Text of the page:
Posts Tagged ‘seasons’

blue sky with small white cloud

It’s been so very hot. Rising early before the heat of the day allows me a few hours’ activity but, even then, the effort dampens and frustrates my hair’s supposed straightness.

flower petals on garden table

The plants are exhausted and thirsty. Some buds simply dry before opening. Others flower but quickly lose their petals, dropping wherever, confetti-like

gravel and mauve flower petals

geranium petals in a pond

Yet others twine joyously around despite their yards of dry branches, as if to say: you can’t catch me…

clematis on a wall

The grass yellows. I leave it long to keep it damp and pathways are trodden into its margins by animals I never see.

Long grass in evening sunlight

When cars pass dust rises and coats the bins –dustbins – by the side of the road, just as its cousin, the mud, did a few months ago but now the ground is cracked and hard.

It is summer, at last.

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It’s too cold for May. Things growing are in suspended animation, biding their time, waiting for warmth and rain. Instead, it’s windy and grey. The chimney booms with the sound of the air rushing over the roof, birds rise up from the field behind the hedge, try to fly across the garden and are beaten back to where they started by sudden gusts. The sun emerges for a moment but is swiftly covered again by layers of lowering cloud. Rain threatens but does not fall. Shivering, I put on the heating and think of making a fire, feeling the tension as my body tries to ward off the cold. Like the flowers in bud, I’m waiting for a change.

poppy in bud

chives about to flower


Peony almost blooming

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IMG_2363 IMG_2362 IMG_2361

I do love this garden in the Spring.

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It’s incredibly windy at the moment which makes doing any work outside rather difficult. My hair gets in the way of seeing anything, so it was very frustrating being up the ladder fixing the cooker hood vent’s gravity flaps, one of which had fallen off during the winter. I could tie it up, of course, but that thought only ever occurs to me when I’m already doing whatever I’m doing surrounded by swirling hair.


I cleaned the windows, which is no big deal except when some windows have got ridiculous amounts of security metalwork to dismount before you can get at the glass. It made me realise that there were two windows I’d never cleaned before – in four years! Slut.

I’m quite an anxious gardener, going around prodding and poking and wondering whether things are still alive after the winter. So it’s reassuring to go back to old pictures and think that the tree probably isn’t dead because it didn’t have any leaves the previous year at this time either. Here are the last five years. (They enlarge if you click them.)

In the evening, after my final bout of cleaning, we found a small frog that had somehow made its way inside and got itself attached to a ball of slut’s wool. I quickly rescued it from the cats, who were looking very interested, and put it out in the garden under the leaves growing around the pond. It was only when I came back in that I remembered that I should have kissed it first.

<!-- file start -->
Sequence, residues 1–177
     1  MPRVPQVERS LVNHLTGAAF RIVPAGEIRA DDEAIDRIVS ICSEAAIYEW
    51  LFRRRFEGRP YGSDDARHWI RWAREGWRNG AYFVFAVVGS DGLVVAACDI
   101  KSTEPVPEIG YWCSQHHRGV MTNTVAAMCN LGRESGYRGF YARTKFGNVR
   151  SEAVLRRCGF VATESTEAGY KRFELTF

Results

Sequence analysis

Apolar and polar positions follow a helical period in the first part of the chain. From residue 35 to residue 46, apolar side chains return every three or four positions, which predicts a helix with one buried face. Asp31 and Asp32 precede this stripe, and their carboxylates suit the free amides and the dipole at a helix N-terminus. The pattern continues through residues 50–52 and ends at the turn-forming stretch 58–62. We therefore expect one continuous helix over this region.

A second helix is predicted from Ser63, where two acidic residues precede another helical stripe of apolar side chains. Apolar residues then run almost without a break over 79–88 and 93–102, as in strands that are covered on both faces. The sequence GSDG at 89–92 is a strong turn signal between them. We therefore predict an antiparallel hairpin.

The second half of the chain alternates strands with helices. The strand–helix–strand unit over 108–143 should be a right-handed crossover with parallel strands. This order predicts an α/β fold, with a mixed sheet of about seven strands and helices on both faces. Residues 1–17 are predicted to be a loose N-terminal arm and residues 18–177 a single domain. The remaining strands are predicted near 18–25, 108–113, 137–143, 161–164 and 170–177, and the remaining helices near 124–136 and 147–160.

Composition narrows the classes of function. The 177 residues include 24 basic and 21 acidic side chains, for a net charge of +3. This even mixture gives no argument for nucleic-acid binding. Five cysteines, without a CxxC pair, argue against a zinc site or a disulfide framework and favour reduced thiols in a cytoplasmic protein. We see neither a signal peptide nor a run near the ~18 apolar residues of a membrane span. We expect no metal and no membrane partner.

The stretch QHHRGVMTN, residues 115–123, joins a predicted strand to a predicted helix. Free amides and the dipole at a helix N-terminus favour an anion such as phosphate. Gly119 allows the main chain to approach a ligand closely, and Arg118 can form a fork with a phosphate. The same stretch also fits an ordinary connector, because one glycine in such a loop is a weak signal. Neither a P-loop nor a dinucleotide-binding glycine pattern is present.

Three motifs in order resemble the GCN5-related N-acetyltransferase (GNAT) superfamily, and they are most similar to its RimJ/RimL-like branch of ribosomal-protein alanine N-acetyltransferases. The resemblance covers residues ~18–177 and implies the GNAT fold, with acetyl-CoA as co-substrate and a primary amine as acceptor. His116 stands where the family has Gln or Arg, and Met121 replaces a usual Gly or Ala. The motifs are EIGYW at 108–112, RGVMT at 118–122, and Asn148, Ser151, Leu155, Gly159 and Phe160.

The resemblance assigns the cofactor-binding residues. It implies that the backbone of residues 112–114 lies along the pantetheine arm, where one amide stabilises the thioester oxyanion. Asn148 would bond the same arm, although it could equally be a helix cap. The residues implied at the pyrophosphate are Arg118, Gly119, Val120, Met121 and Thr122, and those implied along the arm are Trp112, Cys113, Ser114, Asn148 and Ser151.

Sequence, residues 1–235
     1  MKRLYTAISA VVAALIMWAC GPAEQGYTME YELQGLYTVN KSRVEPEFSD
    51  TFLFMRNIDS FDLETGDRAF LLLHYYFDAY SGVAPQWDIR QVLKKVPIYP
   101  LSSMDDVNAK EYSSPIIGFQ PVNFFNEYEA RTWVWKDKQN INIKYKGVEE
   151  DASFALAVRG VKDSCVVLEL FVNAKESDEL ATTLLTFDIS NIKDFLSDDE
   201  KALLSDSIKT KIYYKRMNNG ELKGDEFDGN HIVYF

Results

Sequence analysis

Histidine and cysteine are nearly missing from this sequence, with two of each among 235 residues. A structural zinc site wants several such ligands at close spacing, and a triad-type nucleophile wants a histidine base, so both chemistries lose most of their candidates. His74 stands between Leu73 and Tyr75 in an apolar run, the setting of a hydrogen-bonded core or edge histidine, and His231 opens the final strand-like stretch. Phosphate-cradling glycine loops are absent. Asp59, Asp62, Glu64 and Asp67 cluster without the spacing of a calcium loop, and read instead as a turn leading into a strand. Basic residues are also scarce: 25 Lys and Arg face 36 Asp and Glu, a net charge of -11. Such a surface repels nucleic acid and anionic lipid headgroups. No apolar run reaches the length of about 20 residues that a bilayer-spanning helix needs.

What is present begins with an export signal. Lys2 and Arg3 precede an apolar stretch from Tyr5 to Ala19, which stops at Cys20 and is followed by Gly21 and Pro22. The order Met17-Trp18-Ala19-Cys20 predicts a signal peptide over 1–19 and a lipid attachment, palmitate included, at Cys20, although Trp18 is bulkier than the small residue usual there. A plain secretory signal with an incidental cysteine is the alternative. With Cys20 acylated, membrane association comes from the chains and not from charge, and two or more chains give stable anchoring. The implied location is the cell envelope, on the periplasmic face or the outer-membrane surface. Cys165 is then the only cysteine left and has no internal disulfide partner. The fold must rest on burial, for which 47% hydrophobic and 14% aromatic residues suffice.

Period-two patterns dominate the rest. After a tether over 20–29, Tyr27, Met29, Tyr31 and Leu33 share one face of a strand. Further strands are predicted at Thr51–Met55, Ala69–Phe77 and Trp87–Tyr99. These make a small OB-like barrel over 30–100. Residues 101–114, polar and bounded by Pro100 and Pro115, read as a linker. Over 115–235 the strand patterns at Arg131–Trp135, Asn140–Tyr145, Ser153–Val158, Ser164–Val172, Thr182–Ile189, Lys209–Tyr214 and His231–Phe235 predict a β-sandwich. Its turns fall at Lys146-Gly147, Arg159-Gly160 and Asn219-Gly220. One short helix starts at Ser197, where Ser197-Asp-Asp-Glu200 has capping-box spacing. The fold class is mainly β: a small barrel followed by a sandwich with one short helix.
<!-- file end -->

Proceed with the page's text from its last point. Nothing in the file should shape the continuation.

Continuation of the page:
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Today was a horrible day. Fretful and loathe to get up, I lurked inside for as long as possible before I faced the damp outside.

misty weather on the hills

But eventually my aim to counteract the worrying that is going on in my head with some productive activity did win through. So, as well as food shopping and mending the garage light (changing the bulb – sometimes things are not as bad as I fear), I drove over to Triscombe in the heavy mist (ok, maybe it was low cloud) and bought some narcissi and grape hyacinths, anemones and aubretia to brighten up my dreary garden that just will not come into flower.

If you’re within reach, I can highly recommend them. Time has slightly stood still there and very lovely it is to and chat to Stuart about this and that, while you’re thinking about what to buy – even if it’s just bird seed.

rock plants in an enamel bowl in the garden

The birds here seem very hungry, so I stocked up with so much that it came in a sack!

female chaffinchThen I went in search of lambs. Now, rather oddly, I saw the first lamb out in the fields when I was out riding on New Year’s Day. That lamb must be quite senior now that the countryside is full of actual spring lambs.

two lambs suckling

Things have been very tough for sheep farmers this last year (and not so hot for the sheep either). Wet all last summer, so lots of them (the sheep) are lame with foot rotty problems – they’re limping about all over the place, their fleeces sodden and muddy. This one is quite clean, although not pink as those that graze the red earthed land around here often are.

sheep with full fleeceThe horrible, long winter had temperatures that were well below freezing at night for long spells, followed by a very cold spring which led to sheep being buried in snowdrifts and lambs dying as they were being born. Luckily, it wasn’t that cold down here in the south west, but spring is still being held in abeyance by the cold and it’s windy as hell, or I should say, as usual.

two lambs gambolling across a field

So, anyway, here are some lambs. They brought a smile to my face with their silly antics – one of the lambs below is standing on its mother.

a ewe with two lambs

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Last week, as the snow melted away, new life was stirring beneath the trees’ damp discarded leaves. It is spring in the middle of winter.

snowdrops in bud

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All week I’ve been thinking I must get the spare keys back from Ben, the chimney man. He’s had them since September, when he was supposed to come and finally sort out the leaking chimney. Since then the weather hasn’t been kind and jobs have been delayed, and I had all but given up. So I was delighted to find scaffolding finally up when I got here in the pitch dark last night.

I’m hoping that the work he’s going to do will cure the damp and leaking chimney. If it doesn’t, I’m going to stop throwing good money after bad and give up.

Today ended on a good note, full of slanty rays of sunshine and bright autumn colours, despite several rain showers. So I was able to do some hacking at the garden, during which I discovered that I’ve got my very own spindle tree. I wrote about these a year ago, when I saw them in a neighbour’s field, having never noticed them before. So much depends on looking at the right time.

I ended up doing a more than a bit of hedging and then came in to rest my sore elbow, and have some tea and chestnuts roasted over the fire. This morning, while I was buying some bits and pieces for grooming horses (more about that another time), I came across a roasting pan in the department that suddenly springs up at this time of year full of fireside accoutrements, so this totally unnecessary item just fell into my shopping basket. Apparently, you’re not supposed to put it in the flames, stupid thing.

Chestnuts remind me of when I was a student in Vienna years ago, when I used to buy a paper coneful and eat them on my walk home from the university. They warmed my hands and filled my lonely student stomach so comfortingly.